While I’m very sad, because he has some wonderfully endearing traits too, the house has been on edge. I lived alone before him and actually had the kids come live here because of him! His anxiety and inability to separate and potty train made it impossible for him to be alone for long periods of time. So now I have kids here and he won’t be here anyway! Sheesh. So I really tried hard to accommodate him. But I still feel guilty. I’ve only surrendered two other dogs, both for biting also, but it was after a few days.

My hope is that they can find a great home for him maybe with only him being the only dog. Maybe one or two people who will be home a lot. He needs an active home and lots of attention. I only hope I’m not sending him to a death sentence. That thought just puts me over the edge….. But it simply is not fair to my two other dogs who have lived here much longer. They are miserable. So buddy, I wish you well. I tried and I’m sorry. I truly hope you find your forever home.

How Do We Deal?


With the latest shooting, I don’t know where to begin to deal with my emotions. I was at work sitting at my computer where I usually am when I’m not on the ambulance or working around the station when I saw the news. Like everyone, I was horrified, hit by depths of sadness and overwhelmed by a sense of disbelief. Why? That is what we are all asking–on a seemingly daily basis. Why, does this keep happening?

And people of my generation keep saying and feeling that it didn’t seem to happen as much when I was younger. But I’m not here to talk about the why’s. We could argue that until we are blue in the face: too many guns, not enough gun control, too much internet or lack of control on the internet, poor health care system for mentally ill people. Whatever it may be, all I know is that it is happening and innocents are being slaughtered at an alarming rate.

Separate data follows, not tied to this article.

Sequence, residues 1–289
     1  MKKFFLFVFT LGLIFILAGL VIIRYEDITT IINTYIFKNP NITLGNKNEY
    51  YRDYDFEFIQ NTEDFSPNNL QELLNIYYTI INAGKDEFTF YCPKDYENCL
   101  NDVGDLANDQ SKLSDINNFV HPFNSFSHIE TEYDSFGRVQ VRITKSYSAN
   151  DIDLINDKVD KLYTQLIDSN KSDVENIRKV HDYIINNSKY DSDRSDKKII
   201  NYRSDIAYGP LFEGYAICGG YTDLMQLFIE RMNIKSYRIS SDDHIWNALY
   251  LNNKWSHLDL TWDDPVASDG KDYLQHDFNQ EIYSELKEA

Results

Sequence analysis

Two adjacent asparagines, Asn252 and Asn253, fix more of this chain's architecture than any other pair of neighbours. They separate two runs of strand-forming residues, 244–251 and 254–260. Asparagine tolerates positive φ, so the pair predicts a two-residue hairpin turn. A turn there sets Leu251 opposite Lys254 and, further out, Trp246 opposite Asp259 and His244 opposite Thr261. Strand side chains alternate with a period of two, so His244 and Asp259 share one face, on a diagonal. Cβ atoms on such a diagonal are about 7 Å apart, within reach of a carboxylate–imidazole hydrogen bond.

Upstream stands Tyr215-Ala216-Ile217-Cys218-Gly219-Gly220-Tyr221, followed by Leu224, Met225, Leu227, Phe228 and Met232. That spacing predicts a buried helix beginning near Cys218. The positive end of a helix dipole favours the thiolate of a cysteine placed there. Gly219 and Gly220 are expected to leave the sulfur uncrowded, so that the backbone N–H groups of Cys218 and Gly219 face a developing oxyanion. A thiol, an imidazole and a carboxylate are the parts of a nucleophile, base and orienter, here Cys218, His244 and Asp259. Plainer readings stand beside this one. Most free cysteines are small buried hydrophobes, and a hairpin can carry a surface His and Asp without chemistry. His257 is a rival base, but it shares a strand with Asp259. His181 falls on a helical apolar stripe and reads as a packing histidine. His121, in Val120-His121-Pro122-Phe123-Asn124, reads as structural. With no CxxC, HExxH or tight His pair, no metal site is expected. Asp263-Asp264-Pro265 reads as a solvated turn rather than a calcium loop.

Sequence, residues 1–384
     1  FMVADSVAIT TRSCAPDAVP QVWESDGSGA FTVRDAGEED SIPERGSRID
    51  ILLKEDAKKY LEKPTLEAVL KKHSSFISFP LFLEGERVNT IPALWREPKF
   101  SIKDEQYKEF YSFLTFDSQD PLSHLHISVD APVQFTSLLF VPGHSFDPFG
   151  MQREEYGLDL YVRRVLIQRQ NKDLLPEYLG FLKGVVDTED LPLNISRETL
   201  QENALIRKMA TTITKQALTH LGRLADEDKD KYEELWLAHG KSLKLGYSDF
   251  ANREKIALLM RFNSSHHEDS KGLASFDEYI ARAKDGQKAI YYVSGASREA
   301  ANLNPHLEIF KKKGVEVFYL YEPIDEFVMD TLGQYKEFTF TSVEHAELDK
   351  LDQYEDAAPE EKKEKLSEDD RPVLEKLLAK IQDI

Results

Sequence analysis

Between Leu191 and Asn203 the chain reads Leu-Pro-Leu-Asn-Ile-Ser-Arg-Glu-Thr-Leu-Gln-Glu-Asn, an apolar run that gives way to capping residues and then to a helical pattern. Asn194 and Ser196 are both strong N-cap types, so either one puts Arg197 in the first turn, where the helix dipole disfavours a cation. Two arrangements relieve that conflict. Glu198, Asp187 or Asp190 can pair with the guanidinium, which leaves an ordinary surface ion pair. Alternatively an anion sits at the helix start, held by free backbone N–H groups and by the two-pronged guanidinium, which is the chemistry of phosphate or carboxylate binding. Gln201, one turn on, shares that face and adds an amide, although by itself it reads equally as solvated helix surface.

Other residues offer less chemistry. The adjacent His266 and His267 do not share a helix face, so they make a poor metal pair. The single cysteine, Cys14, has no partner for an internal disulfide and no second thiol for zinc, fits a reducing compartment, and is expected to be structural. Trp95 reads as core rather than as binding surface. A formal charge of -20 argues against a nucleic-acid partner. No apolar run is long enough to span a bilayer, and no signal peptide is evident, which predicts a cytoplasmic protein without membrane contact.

I looked at the photos that were shot on the scene. And just like when I heard the news all I could do was cry. The faces of the people show the pain and senselessness of it all. Then I think five seconds beyond the initial horror to the job I would have to do if I was responding to that scene and I just am not sure I want to be part of the human race any longer. I see that, too, in the faces of the fire fighters and EMT’s/paramedics and police. My fear are the pictures that are conjured in the minds of the family members, the co-workers, the play-mates, the community members and anyone involved. Sadly these images will last a life time. And the holidays forever a reminder.

Do these shooters have any clue when they do these things and the long-range reverberations that are caused?  They are so often killed themselves in the event, so we can’t get in their minds. Do they only think in the moment that they act? Our questions will echo in our heads and hearts just like the bullets that sounded in that school today. But unlike the bullets which only cause death and endings, questions help us to heal and create changes.